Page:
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I need to incrementally time some C code on a 32-bit Linux system. I am using the GNU clock() function for this. Here is the skeleton of my code with the relevant clock bits:

clock_t start, end;
double elapsed;

/* Init things */

start = clock();
while(terminationNotMet) { 

    /* Do some work. */

    end = clock();
    elapsed = ((double) (end - start)) / CLOCKS_PER_SEC;
    fprintf(fp,"%lf %d", elapsed, someResults);
}

Now the problem is that the clock_t is really just a long int and this code runs for quite awhile. The elapsed number of clock ticks returned by clock() eventually overflows and the resulting data is useless. Any thoughts on some workarounds or another method of timing CPU time? (Using wall clock time is not an option as these jobs are running niced on multiuser systems)

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Welcome to SO. I removed the GNU tag, as this is a standard C question. –  pmr Aug 11 '11 at 20:06

2 Answers 2

up vote 2 down vote accepted

Unfortunately this is a bug in glibc: clock_t is signed long rather than unsigned long, so it's impossible to use due to overflow. It should work to cast the values to unsigned long before subtracting them, but this is an ugly hack.

A better solution would be to use the modern clock_gettime function with the CLOCK_CPUTIME clock. This will give you nanosecond-resolution results instead of the poor resolution clock gives.

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Ah, good to know! Using clock_gettime is working just fine. For anyone else who happens to go this route, I had to add -l rt to gcc options to link clock_gettime. –  Flying Hawaiian Aug 11 '11 at 20:08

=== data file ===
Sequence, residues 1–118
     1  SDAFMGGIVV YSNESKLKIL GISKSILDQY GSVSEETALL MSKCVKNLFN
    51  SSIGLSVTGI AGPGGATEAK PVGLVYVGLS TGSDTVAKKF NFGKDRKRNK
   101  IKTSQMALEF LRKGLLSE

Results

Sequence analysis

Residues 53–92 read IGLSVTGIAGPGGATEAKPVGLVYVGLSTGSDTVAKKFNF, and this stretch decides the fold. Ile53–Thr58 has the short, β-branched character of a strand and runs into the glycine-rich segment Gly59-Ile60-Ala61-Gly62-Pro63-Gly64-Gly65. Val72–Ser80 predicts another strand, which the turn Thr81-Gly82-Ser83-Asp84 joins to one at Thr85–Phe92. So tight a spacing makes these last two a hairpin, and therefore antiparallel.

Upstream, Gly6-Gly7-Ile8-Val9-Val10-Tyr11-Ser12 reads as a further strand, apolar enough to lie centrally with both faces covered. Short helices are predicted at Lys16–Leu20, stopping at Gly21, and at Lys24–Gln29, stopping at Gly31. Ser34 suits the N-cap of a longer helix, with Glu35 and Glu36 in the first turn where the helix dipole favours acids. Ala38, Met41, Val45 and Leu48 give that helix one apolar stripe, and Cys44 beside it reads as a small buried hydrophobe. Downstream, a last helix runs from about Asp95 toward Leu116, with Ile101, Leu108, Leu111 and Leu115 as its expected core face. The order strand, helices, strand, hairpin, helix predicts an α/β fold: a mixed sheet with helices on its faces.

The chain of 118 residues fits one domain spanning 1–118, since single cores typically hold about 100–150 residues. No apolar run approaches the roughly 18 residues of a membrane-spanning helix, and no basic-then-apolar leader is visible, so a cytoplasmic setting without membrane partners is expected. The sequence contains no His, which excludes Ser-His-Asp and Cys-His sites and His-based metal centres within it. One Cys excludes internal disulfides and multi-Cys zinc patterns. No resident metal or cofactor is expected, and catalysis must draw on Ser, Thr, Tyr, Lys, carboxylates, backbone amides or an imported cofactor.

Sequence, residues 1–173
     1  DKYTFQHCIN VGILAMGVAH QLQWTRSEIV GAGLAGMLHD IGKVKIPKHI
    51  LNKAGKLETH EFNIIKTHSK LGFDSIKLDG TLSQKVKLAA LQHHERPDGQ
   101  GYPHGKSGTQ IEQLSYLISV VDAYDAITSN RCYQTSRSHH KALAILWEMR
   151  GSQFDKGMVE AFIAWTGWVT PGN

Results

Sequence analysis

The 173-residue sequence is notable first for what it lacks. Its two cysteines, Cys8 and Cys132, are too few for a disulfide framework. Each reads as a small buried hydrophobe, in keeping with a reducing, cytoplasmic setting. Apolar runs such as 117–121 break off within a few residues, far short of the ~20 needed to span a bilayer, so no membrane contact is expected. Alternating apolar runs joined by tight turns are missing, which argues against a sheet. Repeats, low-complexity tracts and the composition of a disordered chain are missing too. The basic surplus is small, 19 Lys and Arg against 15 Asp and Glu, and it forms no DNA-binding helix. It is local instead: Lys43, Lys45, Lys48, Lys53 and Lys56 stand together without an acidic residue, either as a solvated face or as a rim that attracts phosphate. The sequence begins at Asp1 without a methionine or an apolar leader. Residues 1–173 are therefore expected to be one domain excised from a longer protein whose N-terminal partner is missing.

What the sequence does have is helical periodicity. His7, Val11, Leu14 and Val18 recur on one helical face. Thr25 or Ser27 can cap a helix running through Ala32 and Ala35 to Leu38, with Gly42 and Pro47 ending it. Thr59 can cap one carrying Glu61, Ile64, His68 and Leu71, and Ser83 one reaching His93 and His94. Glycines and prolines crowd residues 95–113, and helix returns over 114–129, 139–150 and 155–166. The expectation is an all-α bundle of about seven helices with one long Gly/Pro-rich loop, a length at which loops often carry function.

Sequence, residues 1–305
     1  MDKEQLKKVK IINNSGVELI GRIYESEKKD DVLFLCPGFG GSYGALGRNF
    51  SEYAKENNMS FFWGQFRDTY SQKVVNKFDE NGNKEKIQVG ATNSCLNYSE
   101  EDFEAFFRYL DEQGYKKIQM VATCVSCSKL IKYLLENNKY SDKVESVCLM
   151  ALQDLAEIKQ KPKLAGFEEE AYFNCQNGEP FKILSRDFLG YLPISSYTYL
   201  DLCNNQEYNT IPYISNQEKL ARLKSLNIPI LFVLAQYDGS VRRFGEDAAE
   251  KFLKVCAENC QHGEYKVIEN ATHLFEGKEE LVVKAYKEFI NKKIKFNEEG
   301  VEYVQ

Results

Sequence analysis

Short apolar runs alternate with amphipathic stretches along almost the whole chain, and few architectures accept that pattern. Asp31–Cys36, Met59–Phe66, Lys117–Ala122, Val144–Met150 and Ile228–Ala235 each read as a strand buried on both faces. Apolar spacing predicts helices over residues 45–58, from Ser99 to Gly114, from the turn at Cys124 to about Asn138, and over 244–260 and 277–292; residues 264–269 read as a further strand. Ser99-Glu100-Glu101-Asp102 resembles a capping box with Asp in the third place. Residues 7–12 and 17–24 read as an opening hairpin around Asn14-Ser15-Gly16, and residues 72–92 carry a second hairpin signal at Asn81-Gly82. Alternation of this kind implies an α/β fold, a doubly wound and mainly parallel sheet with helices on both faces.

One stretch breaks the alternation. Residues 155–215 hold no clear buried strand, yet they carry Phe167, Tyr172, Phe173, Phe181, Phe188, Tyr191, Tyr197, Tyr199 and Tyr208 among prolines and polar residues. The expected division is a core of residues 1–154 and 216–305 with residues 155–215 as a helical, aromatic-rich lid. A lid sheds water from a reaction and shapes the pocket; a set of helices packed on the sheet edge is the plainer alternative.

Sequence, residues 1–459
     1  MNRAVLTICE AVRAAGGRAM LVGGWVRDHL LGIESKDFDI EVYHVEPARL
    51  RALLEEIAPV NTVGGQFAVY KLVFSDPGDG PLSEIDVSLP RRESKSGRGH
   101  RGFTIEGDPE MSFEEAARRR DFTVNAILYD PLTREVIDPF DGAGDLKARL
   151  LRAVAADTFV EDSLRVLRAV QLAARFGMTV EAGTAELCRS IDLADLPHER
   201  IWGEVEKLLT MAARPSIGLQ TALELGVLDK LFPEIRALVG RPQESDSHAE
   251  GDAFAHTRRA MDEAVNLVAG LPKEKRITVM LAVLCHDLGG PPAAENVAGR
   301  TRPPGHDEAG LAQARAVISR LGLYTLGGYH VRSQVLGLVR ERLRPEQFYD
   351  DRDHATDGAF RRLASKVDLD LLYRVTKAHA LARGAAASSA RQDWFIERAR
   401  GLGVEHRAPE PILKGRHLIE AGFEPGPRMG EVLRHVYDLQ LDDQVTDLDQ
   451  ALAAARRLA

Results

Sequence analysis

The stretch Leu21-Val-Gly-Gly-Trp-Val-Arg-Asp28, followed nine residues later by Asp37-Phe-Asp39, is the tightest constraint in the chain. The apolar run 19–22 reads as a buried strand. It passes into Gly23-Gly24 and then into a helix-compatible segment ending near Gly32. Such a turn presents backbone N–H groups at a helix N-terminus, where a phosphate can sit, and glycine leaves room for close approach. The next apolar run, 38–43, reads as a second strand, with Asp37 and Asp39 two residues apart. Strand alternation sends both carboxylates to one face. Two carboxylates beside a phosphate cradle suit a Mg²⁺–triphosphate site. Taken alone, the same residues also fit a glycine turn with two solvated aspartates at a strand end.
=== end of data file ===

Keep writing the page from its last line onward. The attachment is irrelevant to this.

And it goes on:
How about updating the start time on each iteration:

elapsed = 0.0;
start = clock();
while(terminationNotMet) { 

    /* Do some work. */

    end = clock();
    elapsed += ((double) (end - start)) / CLOCKS_PER_SEC;
    fprintf(fp,"%lf %d", elapsed, someResults);
    start = end;
}
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The problem is the actual value returned by clock() is overflowing the signed long (end). So, end is overflowing even before the subtraction occurs. I suppose I could cast it to an unsigned long to buy some more room, but using clock_gettime as R.. suggested is working great! –  Flying Hawaiian Aug 11 '11 at 20:06
1  
Casting to unsigned is not just to "buy some more room". It's that unsigned quantities cannot overflow in C. Unsigned arithmetic is defined modulo TYPE_MAX+1 and thus the substraction works exactly as expected unless a whole wrapping cycle takes place between the two calls to clock (which would never happen in normal usage). –  R.. Aug 11 '11 at 20:33
    
Ah thanks, that is a great explanation. From what I have learned in just this one interaction, I think I need to come by here more often. –  Flying Hawaiian Aug 11 '11 at 20:57

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